The Rangers have had an interesting week. For only two games played thus far, there’s been a ton of chatter about how this team really can be better, and it shouldn’t take much maneuvering. As per usual, I have some thoughts.
1. The first item is that the Rangers and Oilers were apparently close on a Jesse Puljujarvi/Lias Andersson swap. Puljujarvi likely would have signed with the Rangers and played this year. I’m not usually a big fan of giving up on someone like Lias, but in a Puljujarvi swap I’d do it. Edmonton wanted more than just Lias though, and rightfully so. Straight up value is tilted towards Puljujarvi, who is more offensively gifted and just wasn’t used properly in Edmonton. We don’t know what the organization’s concerns with Lias are, but it’s clear they are ready to cut bait.
2. The Rangers are actually pretty thin at wing, especially if you consider the pending departure of Chris Kreider. They have Artemi Panarin, Pavel Buchnevich, and Kaapo Kakko. That’s really it. Vitali Kravtsov is coming over, but Puljujarvi would help fill out that top nine. The emergence of Brendan Lemieux as a viable top-nine winger would give the Blueshirts the top-nine depth they need to complement Mika Zibanejad and Filip Chytil as their eventual 1-2 punch down the middle.
3. The only concern I have with the organization’s willingness to move on from Lias is that it means they either buy in on Brett Howden being a top-nine center (he isn’t yet) or are enamoured by Ryan Strome’s first 90 games with the Rangers (24-33-57) despite his massive shooting percentage that is in the middle of a regression. He’s had great numbers and looks good with Panarin, plus there’s evidence that shows this year is much improved as long as he’s with Panarin.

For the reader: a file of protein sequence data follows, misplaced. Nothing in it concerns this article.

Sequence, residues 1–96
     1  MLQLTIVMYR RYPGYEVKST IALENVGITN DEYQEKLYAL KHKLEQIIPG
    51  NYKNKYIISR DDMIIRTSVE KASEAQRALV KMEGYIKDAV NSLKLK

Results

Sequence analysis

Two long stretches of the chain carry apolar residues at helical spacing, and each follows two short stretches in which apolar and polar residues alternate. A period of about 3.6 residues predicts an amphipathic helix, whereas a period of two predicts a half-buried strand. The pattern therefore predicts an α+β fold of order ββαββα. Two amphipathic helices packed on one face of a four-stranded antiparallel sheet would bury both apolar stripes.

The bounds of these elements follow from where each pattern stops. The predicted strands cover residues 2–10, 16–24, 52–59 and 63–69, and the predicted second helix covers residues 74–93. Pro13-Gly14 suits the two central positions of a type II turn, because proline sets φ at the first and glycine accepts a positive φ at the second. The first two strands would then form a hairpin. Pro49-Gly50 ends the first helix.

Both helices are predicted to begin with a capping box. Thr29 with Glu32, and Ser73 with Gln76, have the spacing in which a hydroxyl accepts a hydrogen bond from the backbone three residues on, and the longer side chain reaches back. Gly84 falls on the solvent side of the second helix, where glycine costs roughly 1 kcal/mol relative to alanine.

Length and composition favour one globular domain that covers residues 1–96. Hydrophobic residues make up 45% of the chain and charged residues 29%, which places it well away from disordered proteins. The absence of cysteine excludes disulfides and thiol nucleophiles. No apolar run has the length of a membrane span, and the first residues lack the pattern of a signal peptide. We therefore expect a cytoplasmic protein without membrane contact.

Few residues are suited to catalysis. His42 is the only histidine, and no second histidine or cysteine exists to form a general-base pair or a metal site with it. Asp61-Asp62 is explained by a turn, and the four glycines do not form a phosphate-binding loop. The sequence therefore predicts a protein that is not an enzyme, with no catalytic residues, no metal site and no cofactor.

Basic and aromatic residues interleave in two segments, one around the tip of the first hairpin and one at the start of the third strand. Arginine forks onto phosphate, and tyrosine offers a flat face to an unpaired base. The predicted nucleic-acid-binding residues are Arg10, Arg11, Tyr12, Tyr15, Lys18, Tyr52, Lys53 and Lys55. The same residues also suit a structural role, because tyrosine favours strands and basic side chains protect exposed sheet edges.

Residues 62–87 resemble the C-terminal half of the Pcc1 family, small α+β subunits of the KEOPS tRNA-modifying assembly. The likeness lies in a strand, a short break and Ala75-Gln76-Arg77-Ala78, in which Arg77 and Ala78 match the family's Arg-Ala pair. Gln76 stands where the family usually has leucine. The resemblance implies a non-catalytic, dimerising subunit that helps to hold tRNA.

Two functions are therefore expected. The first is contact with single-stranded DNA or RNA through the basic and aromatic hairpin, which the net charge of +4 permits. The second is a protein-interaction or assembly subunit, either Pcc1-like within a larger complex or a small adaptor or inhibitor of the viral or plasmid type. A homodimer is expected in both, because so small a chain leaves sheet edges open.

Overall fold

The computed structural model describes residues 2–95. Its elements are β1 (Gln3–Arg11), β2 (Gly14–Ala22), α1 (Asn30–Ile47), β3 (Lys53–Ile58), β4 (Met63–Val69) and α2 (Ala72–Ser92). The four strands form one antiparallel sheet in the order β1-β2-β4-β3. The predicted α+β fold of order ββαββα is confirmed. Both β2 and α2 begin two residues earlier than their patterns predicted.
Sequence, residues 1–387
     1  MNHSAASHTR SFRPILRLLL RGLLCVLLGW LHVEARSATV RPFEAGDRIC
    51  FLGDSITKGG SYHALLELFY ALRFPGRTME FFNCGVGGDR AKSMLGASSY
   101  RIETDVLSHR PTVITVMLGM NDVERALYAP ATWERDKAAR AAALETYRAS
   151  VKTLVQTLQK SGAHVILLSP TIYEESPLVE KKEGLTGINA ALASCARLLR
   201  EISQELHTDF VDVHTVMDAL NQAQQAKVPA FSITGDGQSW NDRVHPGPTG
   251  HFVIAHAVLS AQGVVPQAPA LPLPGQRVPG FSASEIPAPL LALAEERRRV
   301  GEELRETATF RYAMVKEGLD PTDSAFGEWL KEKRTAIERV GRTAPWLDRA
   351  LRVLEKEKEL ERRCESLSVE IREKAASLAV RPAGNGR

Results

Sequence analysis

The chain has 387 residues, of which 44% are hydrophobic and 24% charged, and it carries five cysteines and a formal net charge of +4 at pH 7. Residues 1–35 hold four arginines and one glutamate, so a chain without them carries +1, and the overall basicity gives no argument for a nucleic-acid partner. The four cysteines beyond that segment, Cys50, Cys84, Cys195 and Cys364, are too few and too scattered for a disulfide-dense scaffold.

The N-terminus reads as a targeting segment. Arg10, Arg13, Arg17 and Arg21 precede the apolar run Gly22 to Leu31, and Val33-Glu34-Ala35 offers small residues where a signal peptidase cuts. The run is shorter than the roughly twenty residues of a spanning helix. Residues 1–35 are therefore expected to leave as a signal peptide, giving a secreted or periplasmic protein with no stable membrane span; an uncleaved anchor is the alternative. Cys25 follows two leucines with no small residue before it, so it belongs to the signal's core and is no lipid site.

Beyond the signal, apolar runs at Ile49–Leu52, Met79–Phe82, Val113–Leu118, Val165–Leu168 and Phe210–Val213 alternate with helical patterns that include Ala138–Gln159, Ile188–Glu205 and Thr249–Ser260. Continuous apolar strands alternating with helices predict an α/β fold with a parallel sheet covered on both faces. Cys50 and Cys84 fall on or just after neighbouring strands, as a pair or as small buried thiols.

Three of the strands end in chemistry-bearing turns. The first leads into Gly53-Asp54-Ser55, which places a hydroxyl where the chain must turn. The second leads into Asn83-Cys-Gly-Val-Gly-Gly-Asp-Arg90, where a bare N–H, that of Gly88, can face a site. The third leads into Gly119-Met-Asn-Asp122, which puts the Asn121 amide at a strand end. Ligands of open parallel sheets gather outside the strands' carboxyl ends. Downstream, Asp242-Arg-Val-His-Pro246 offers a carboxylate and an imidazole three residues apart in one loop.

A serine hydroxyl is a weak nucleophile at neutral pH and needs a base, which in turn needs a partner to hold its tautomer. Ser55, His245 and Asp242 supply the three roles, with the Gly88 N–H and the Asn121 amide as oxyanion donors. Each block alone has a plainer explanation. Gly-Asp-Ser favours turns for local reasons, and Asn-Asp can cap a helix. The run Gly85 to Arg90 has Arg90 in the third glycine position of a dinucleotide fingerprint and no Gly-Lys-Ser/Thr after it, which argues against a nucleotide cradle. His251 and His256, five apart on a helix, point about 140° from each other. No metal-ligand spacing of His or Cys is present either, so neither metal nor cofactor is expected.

4. Speaking of Howden, who unsurprisingly looks worse when on a fourth line with a defenseman and Micheal Haley, he’s not the only struggling rookie who needs to have his deployment revisited. Libor Hajek has been just as bad, and for some reason this coaching staff continues to trot him out there in a top-four role. The same way Chytil may have needed a confidence boost in Hartford applies to both Howden and Hajek. They were the key pieces of the Ryan McDonagh trade, and long-term value is more importance than short-term “we get them for our best player and now need to play them.”
5. Which brings me to improving this team without making big moves. This is all on the coaching staff at this point, since there’s some low-hanging fruit here. The first and most obvious is to make a fourth line that matters. If you want Howden there, so be it. Maybe put him on the wing with Boo Nieves and Greg McKegg? It won’t light up offensively, but at least it’s better than two minutes a night. It’s a line that can avoid the 1-2-3-1-2-3-4 rotation that David Quinn has been using. That saves legs for stretches like this.
6. Another easy move: Stop galaxy braining Brendan Smith as a forward. The minute Hajek went down, he should have been moved back to where he belongs. He’s the second (or third, depending on how you view Ryan Lindgren) best left-handed defenseman on the roster right now. With a fourth line established, you can improve the blue line markedly with just sliding Smith in for Hajek (sending Hajek down temporarily) and keeping Staal as the 7D. It’s time to move on from Staal and, at the very least, build up some trade value for Smith for when the Rangers deal him to Ottawa after his July 1, 2020 bonus is paid (Sens get a $4.35 million cap hit for $2.35 million in actual dollars – we all know that’s happening).
7. That’s it. Those are the moves. So simple. No galaxy braining required.